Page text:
As I often do when I hear of loss I question, “How would I handle it if I had that loss?” When reading of Wiesel’s loss I immediately thought, “I’d be okay as long as I had Jesus in my life.”

Once again without particularly intending to I revealed to myself the true Treasure of my life; relationship with Jesus Christ.

Do the same reflection. What if you lost your spouse, child, health, or wealth? It would hurt. It would break your heart. It would perhaps take your breath away and demand tremendous life change. But, with God’s help we can not only survive but meaningfully move through any of life’s losses. I use the word “meaningful” because one of the promises of knowing and following Christ is that He will never waste a loss or sorrow that we experience. Somehow and some way Christ can take our losses and pain and use it for good, to make a difference for someone else.

That’s something to ponder in a day when loss is all around us.

Monday, March 09, 2009

Why the Increase in "No Religion"?

According to a study by Trinity College in Hartford, Conn. that sampled over 54,000 people, adults in the United States are less Christian and less religious.

Fifteen percent of respondents said that they had no religion, an increase from 14.2% in 2001 and 8.2% in 1990. Other indicators were 30% of married couples did not have a religious wedding ceremony and 27% said that they don’t want a religious funeral. About 12% said that they believe in a higher power but not in a personal God espoused by monotheistic faiths.

Apparently religious populations have also shifted. Catholics from the Northeast have migrated in significant numbers to the Southwest. Now the Northeast is the least religious part of the US, surpassing the Northwest. In Vermont 34% claimed “no religion” which is a greater percentage than any one religious group in the state.

Growth in the number of Muslims reached .06% of the US population and growth in the number of Buddhists slowed. The number of Christians in the US was 76% compared to 77% in 2001.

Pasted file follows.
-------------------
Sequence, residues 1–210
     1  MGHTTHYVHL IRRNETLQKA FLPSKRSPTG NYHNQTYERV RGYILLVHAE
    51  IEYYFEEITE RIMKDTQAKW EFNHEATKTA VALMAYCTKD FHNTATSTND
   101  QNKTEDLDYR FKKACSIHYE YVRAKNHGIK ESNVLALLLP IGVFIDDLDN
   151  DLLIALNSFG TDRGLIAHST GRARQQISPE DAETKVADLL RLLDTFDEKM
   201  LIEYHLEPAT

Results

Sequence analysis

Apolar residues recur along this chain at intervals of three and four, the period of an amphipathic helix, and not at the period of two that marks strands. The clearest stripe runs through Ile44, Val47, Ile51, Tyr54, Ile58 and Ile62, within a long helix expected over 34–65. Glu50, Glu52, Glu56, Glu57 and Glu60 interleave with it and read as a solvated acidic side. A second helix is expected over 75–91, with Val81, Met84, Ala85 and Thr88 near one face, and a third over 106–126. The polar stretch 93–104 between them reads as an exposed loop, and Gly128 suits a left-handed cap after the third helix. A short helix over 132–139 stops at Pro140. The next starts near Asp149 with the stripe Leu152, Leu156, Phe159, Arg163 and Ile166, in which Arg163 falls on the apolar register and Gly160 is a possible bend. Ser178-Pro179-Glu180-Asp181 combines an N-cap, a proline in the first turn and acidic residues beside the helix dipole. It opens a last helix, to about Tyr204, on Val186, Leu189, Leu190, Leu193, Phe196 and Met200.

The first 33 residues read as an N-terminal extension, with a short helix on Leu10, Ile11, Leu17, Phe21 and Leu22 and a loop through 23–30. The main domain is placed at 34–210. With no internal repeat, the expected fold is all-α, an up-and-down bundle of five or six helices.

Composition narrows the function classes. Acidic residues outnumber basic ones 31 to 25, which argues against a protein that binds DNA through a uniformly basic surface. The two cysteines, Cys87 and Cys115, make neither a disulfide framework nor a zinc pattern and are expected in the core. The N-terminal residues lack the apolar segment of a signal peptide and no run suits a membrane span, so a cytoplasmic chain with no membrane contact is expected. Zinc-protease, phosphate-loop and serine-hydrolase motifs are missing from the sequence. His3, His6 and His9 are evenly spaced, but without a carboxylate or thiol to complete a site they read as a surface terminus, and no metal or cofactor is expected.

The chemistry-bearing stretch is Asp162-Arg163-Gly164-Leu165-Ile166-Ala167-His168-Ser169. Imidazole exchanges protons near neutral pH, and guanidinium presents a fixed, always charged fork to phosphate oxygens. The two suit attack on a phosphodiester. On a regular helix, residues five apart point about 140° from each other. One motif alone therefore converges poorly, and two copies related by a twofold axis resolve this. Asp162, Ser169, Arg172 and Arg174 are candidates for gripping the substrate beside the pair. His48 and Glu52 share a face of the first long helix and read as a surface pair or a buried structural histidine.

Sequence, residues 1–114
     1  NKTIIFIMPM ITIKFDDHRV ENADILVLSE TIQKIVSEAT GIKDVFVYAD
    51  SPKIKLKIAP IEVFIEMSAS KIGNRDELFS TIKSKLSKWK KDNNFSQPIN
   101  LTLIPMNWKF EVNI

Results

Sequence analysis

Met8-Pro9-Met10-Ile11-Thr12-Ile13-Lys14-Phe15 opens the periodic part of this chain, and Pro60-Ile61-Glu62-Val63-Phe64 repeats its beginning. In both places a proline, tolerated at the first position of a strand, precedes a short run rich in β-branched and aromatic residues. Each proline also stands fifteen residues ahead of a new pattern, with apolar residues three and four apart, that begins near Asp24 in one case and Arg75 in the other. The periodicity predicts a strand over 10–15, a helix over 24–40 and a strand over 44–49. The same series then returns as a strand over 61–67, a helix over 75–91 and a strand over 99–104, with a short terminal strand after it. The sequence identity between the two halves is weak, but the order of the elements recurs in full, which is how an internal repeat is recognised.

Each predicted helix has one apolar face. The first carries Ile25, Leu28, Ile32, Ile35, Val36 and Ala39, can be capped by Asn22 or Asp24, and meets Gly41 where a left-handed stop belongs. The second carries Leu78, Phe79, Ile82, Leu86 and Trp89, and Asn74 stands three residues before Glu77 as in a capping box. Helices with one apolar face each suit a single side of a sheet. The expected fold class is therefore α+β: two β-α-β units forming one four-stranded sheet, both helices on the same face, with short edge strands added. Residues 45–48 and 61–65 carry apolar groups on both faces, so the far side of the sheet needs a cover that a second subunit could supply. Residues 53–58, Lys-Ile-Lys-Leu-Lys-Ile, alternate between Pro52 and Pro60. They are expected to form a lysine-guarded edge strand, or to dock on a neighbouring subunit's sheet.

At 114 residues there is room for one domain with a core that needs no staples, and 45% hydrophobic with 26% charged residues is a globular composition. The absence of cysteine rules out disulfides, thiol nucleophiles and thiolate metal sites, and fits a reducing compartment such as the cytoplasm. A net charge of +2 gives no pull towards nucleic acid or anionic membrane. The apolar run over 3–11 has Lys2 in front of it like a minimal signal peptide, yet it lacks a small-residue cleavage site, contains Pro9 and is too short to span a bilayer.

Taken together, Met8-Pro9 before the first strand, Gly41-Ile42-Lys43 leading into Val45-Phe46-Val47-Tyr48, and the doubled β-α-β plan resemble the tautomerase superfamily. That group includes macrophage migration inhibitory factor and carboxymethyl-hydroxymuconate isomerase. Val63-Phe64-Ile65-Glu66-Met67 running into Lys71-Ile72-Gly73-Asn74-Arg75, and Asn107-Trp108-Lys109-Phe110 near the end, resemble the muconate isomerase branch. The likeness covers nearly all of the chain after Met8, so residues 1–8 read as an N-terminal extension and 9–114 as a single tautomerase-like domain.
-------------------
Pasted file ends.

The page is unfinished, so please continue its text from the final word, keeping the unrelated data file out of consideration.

I can’t speak for other faiths. However, I may have some insight regarding Christianity. I believe there are significant numbers of those who bear the name “Christian” who don’t truly have a living connection with God through Christ. What difference does that make? According to Jesus, His plan for carrying out His mission of connecting men and women to the living God was through the contagion of His followers (see Matthew 5:13,14; John 20:21; Acts 1:8).

In other words, if I don’t have the flu, most likely you are not going to get the flu from me. Evangelism has become such a distasteful experience for everyone involved because it has become a packaged program that seeks to “sell” people on Christianity. The word means bearer of good news. If a religious person tries to sell a non-religious person on his brand of faith that is not true evangelism. That’s proselytizing or making converts to your way of thinking and living. That truly is not what following Jesus is about.

For hundreds of years sharing the good news about Jesus has been described as one hungry beggar who found bread, telling another hungry beggar where to find bread. I found life, sustenance, healing, direction, forgiveness and most of all, relationship with a Holy God through my faith in Jesus. It IS my greatest treasure in life. For me to tell you about the great treasure is loving of me. For me not to tell you of the treasure is selfish and unloving.

I have no problem with those that want to be non-religious or followers of other religions. That’s the freedom of being an American. I respect and acknowledge that right. However, I find it tragic that many may never have a good glimpse of Jesus and what it means to follow Him because they’ve yet to be around a person that has the “real deal”.